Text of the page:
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Old 11-13-2019, 08:34 PM   #1
fdryer
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Default For those clueless about soldering....

I've used a simple soldering technique introduced years ago. A very small piece of thin solder similar to tiny bandages for small cuts about 3/8" X 1" wrapped around twisted bare (clean) wires and a match was useful for electrical soldering away from an ac outlet and soldering iron. Fast forward and we have portable butane torches with a soldering tip for complete portability in field repairs. This presumes most people are already familiar with basic soldering techniques. For the truly clueless and those not wanting to learn soldering, a new product may help and provide virtually a professional appearance after some trial and error period of experimenting. Be warned though. Soldering in any form still requires some semblance of clean copper wires for solder and rosin to flow and coat each bare wire of a twisted set before solder can adhere to provide electrical and mechanical strength.

This appeared on facebook and here's a link; https://afrui.com/collections/hot-de...Y-D3-JwFGJMAZU. The video should convince anyone that virtually everyone should be able to solder wires together and insulate the connection with shrink tubing. For auto repairs and tight spaces, this may be one of the best solutions for fast and easy soldering without needing skills other than flicking a Bic or striking a match. For those using fire, beware of nearby plastic rugs catching on fire. No torch is needed. This product appears to use a lower temperature melting point solder with rosin shaped into a small bushing covered in see thru shrink tubing.

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Old 11-22-2019, 04:06 PM   #2
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Default Re: For those clueless about soldering....

Interesting.

May want to repost this in the S-series and other more general / model specific forums for exposure or post a link to this thread.

I note they recommend using a heat gun, no not as precise as a soldering iron. I suppose I would use a damp towel and aluminum foil to insulate things I don't' want to heat up.

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Old 11-25-2019, 09:15 PM   #3
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Default Re: For those clueless about soldering....

Quote:
Originally Posted by alordofchaos View Post
Interesting.

May want to repost this in the S-series and other more general / model specific forums for exposure or post a link to this thread.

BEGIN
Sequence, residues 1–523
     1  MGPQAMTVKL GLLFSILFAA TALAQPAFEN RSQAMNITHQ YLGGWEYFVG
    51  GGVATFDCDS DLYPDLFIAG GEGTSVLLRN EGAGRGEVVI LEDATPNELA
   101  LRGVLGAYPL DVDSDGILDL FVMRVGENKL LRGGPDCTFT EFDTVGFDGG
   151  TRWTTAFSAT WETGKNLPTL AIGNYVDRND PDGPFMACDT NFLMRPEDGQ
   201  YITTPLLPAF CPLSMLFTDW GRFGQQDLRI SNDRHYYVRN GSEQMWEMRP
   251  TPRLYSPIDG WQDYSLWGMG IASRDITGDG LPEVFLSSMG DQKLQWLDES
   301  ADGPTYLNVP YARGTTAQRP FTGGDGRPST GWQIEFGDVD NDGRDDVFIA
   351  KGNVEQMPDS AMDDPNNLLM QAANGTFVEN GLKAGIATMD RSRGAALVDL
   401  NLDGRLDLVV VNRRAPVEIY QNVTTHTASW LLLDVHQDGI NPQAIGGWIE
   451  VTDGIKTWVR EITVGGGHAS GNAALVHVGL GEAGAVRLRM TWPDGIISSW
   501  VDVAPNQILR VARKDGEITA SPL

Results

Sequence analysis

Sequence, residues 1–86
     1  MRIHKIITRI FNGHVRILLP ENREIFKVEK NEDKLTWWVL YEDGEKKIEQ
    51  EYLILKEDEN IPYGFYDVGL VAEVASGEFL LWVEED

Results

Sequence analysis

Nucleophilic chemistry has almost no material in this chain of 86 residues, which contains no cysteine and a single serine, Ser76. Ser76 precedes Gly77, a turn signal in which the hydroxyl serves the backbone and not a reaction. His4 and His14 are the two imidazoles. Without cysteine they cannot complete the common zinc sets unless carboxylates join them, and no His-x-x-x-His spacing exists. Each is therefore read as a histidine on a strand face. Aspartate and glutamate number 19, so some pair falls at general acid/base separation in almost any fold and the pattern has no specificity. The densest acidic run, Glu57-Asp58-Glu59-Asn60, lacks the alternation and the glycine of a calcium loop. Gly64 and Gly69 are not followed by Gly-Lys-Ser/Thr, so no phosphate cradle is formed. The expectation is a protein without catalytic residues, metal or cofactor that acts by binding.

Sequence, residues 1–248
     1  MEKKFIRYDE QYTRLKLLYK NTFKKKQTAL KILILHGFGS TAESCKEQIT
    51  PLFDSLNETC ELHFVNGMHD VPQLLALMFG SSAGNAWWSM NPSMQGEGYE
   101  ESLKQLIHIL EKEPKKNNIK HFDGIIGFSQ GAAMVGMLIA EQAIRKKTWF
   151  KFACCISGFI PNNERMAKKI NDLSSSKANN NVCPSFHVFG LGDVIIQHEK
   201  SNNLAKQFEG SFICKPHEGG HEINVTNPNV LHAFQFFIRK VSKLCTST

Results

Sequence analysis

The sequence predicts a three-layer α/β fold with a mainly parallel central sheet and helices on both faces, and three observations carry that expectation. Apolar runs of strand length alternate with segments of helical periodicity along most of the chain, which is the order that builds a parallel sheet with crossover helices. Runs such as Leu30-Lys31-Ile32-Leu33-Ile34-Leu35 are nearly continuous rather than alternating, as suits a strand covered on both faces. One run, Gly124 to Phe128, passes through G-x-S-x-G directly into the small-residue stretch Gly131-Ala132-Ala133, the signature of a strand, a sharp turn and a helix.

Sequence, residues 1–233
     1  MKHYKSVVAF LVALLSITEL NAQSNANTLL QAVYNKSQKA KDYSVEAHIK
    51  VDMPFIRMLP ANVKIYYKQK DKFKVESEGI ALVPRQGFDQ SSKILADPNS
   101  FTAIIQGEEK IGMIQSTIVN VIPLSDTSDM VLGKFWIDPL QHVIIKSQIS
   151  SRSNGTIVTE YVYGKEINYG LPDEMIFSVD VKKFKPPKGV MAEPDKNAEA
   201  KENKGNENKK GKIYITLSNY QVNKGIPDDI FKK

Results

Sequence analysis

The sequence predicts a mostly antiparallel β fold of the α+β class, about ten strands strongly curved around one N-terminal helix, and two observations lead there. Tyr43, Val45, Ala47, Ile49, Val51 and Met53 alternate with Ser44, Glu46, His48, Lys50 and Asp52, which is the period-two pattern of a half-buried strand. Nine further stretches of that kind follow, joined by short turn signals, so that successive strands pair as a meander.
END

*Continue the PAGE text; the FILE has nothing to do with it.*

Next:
I note they recommend using a heat gun, no not as precise as a soldering iron. I suppose I would use a damp towel and aluminum foil to insulate things I don't' want to heat up.
the heat guns they're talking about, are specific to soldering, and have a very small output hole size.
they're actually used quite a bit by electronics repairmen and assemblers as well.

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Old 11-25-2019, 09:18 PM   #4
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Default Re: For those clueless about soldering....

i've been a fan of soldering wires when i'm splicing something, particularly under the hood of a car. if I have good access to the wire, i'll sometimes put a coating of silicone over the soldered area instead of tape to help keep it from corroding.

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Old 11-27-2019, 01:52 AM   #5
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Default Re: For those clueless about soldering....

Soldering, adhesive joints and good paint coating adhesion all require a clean surface. The acid flux or rosin flux are both cleaning agents ... best to start with a very clean/dry metal surface.

cleanliness is important for quality welds/brazing .... but in those cases the applied heat assists driving off garbage. Some 'maintenance' welding can be done on dirty/greasy surfaces, but the joint would not meet many quality specifications, because the garbage becomes part of the joint.

It helps to remove the residue of rosin flux after soldering (wait until cool), before sealing. I also oft use silicone RTV as a sealant, then coat with vinyl electrical tape for abrasion resistance.

Last edited by TomM96; 11-27-2019 at 01:57 AM.. Reason: fergat un

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Old 11-27-2019, 01:35 PM   #6
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Default Re: For those clueless about soldering....

Quote:
Originally Posted by SL2 Ride View Post
i'll sometimes put a coating of silicone over the soldered area instead of tape to help keep it from corroding.
That's a great idea! What do you use, and do you find that your silicone dries out in the container between uses?

Nothing worse than opening up a tube or tin of something, only to find that it has all dried out . . . and you end up making a trip to the store

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